“Burke rejected the liberal idea of the social contract, as a deal agreed among living people. Society, he argued, does not contain the living only; it is an association between the dead, the living, and the unborn. Its binding principle is not contract but something more akin to trusteeship. It is a shared inheritance for the sake of which we learn to circumscribe our demands, to see our own place in things as part of a continuous chain of giving and receiving, and to recognize that the good things we inherit are not ours to spoil but ours to safeguard for our dependents. There is a line of obligation that connects us to those who gave us what we have; and our concern for the future is an extension of that line. We take the future of our community into account not by fictitious cost-benefit calculations, but more concretely, by seeing ourselves as inheriting benefits and passing them on. Concern for future generations is a non-specific outgrowth of gratitude. It does not calculate, because it shouldn’t and can’t.”{1}

Our temptation as low-church evangelicals, in our intimidation by the cultural change all around us, is to agree with principles like these in the political and social and moral realms, but not to carry this same conservative—conservationist—impulse into our religious and church lives. I think we have a lot to learn from thinkers like Edmund Burke and his modern interpreters like Scruton. At least it gives us food for thought.

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[1] Scruton, Conservatism: An Invitation to the Great Tradition (New York: All Points, 2018), 45.

We Must Reform in Order to Conserve

by Matthew Pinson

I have been reading—and thoroughly enjoying—the new book Conservatism: An Invitation to the Great Tradition by Roger Scruton. Scruton is the best-known conservative intellectual in Great Britain. A philosopher by training, he has written more than forty books on issues as diverse as politics and the environment and art and music. He gave an excellent presentation of the latter two subjects in his BBC documentary, Beauty.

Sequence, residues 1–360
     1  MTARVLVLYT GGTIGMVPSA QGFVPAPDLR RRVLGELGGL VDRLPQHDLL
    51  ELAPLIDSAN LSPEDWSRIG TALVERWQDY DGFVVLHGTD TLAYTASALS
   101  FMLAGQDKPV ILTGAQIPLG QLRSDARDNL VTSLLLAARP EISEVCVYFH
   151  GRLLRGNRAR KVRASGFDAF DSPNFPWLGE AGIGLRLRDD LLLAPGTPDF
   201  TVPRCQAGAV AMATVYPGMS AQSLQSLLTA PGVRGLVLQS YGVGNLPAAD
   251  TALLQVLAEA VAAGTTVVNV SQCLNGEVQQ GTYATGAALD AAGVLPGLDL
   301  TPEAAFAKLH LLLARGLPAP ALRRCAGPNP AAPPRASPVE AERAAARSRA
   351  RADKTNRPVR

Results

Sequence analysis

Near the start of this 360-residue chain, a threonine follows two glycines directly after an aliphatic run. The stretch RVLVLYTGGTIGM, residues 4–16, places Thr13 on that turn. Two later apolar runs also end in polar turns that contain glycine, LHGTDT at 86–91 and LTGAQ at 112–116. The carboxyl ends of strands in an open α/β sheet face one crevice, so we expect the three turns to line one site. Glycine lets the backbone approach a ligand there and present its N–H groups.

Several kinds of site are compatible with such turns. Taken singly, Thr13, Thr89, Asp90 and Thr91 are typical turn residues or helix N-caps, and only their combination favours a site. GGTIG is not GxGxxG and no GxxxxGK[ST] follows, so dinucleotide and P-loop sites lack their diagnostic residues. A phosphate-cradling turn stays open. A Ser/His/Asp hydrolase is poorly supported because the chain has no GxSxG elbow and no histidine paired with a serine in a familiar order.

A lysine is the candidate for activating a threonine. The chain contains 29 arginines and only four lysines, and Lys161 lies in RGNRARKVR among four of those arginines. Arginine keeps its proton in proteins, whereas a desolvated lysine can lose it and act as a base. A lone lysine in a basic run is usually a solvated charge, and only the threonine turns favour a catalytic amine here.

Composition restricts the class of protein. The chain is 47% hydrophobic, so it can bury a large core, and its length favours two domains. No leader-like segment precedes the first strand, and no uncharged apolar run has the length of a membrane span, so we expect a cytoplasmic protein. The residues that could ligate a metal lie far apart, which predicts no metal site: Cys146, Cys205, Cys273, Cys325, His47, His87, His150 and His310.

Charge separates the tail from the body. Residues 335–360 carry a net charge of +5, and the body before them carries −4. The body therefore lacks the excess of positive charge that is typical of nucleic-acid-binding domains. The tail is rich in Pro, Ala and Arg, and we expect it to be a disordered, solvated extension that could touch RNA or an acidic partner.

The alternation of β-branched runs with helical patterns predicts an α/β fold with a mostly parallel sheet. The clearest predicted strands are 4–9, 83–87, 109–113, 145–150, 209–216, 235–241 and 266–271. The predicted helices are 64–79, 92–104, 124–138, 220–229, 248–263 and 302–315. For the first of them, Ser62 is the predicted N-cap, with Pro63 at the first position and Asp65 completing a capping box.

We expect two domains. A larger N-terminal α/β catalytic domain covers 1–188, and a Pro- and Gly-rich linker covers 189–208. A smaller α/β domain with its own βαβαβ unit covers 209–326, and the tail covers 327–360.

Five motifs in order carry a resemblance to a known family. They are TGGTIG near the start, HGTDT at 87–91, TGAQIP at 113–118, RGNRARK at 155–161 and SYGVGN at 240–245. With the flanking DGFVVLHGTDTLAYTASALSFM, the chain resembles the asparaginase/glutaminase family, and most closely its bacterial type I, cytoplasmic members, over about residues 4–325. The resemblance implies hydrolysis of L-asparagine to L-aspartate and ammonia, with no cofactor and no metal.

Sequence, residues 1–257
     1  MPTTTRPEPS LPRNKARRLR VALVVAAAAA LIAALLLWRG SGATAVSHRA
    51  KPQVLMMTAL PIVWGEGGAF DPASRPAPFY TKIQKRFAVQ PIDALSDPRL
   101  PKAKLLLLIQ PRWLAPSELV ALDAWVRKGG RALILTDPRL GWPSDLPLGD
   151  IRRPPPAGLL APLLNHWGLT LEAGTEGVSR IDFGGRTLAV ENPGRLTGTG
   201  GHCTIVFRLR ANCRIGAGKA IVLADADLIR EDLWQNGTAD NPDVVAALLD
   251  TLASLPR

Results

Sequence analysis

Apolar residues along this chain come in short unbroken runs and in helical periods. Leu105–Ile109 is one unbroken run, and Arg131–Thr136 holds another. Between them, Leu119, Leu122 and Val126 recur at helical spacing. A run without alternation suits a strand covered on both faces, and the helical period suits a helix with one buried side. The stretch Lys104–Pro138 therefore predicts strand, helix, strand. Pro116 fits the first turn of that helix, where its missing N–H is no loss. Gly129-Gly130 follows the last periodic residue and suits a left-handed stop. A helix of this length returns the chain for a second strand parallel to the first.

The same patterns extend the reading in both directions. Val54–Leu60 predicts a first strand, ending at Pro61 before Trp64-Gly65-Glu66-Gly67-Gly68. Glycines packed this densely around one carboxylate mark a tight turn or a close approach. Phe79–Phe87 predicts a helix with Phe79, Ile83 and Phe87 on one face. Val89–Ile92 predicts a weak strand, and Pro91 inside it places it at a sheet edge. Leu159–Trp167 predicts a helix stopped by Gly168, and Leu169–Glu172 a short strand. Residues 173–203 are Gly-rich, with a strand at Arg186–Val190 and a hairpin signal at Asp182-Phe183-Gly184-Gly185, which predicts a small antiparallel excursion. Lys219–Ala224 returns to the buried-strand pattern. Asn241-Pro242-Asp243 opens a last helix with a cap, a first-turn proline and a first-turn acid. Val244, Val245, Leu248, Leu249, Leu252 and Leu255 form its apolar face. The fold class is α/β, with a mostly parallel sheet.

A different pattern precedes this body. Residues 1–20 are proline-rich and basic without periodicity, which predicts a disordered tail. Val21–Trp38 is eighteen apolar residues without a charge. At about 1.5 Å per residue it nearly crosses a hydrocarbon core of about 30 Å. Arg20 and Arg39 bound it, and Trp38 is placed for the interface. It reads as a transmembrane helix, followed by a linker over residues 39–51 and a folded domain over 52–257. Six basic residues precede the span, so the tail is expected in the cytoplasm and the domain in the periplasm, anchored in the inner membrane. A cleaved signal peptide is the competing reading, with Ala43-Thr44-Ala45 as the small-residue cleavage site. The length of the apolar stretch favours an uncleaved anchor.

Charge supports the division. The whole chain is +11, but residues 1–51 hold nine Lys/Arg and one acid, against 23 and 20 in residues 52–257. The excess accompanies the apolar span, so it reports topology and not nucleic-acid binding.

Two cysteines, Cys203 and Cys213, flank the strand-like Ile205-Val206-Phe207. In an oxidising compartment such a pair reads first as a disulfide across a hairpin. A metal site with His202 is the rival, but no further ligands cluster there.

Conservatism is largely about the principles of cultural and political conservatism that emerged from seminal thinkers like Edmund Burke. But theological conservatives can learn a lot from it. In reading Scruton’s section on Burke, I came across a great passage that summarizes a key principle of conservatism and Christianity that I strive to pass on to my students in my courses at Welch, and it’s about continuity with the consensus of scripturally based tradition that has been bequeathed to us.

Edmund Burke is famous for his quip that “we must reform in order to conserve.” He believed that, in political and cultural life, revolution is dangerous, because it rips people from the organic inheritance that they received from their fathers and mothers. That was the problem he saw in the French Revolution, which he despised, but not in the American Revolution, which he defended.

So, Scruton explains, Burke saw the American founders as going back to the ancient rights and liberties of free Englishmen. “The U.S. Constitution was designed to guarantee to the people what they had once enjoyed,” he says. “It was the residue of an already established practice rather than a recipe for a new order of things.” This is like the Protestant Reformers, who I explain to my students were not revolutionaries but were recovering an ancient tradition that had been eclipsed by the Roman Catholic Church in the Middle Ages.

I explain to my students that sometimes we conservative Protestants are tempted to be intimidated by our difficult cultural circumstances, in which Christianity is being treated with hostility by the cultural elites and by many in the neighborhoods where our own churches minister. I am tempted—we all are tempted—to be revolutionaries, to try arbitrarily first one thing and then another that has never been tried before, hoping that maybe something will stick, something will do the trick. We hope we’ll stumble onto that cultural silver bullet that will open the floodgates for people, finally, to overcome their cultural objections to the faith and pour into the church.

The Reformers and the great missions pioneers and our early evangelical and Baptist and Free Will Baptist forebears did not choose the way of revolution. Instead, they chose reform. They knew the church needed renewal, freshness. But they sought what Timothy George and others call “renewal through retrieval,” reforming the church by recovering precious truths of faith and of practice that have been lost or at least eclipsed in the recent past.

This gets back to G. K. Chesterton’s idea of “the democracy of the dead,” to C. S. Lewis’s counsel not to be guilty of “chronological snobbery,” but instead to “let the clean sea breeze of the centuries blow through our minds.” It means that we are a part of something much, much greater than ourselves and our current, passing moment. We are continuing and conserving the faith and practice of that “great cloud of witnesses” that has gone before us, so that we will have something worth passing down to those who come after us.

This is what the Christian tradition has called the “communion of saints.” It’s something that transcends the present age which is passing away with its lusts. It spans centuries and generations and classes educational levels and races. It’s a communion we risk getting out of touch with if we have a revolution and discard the Christian tradition of faith (what we believe) and practice (what we do).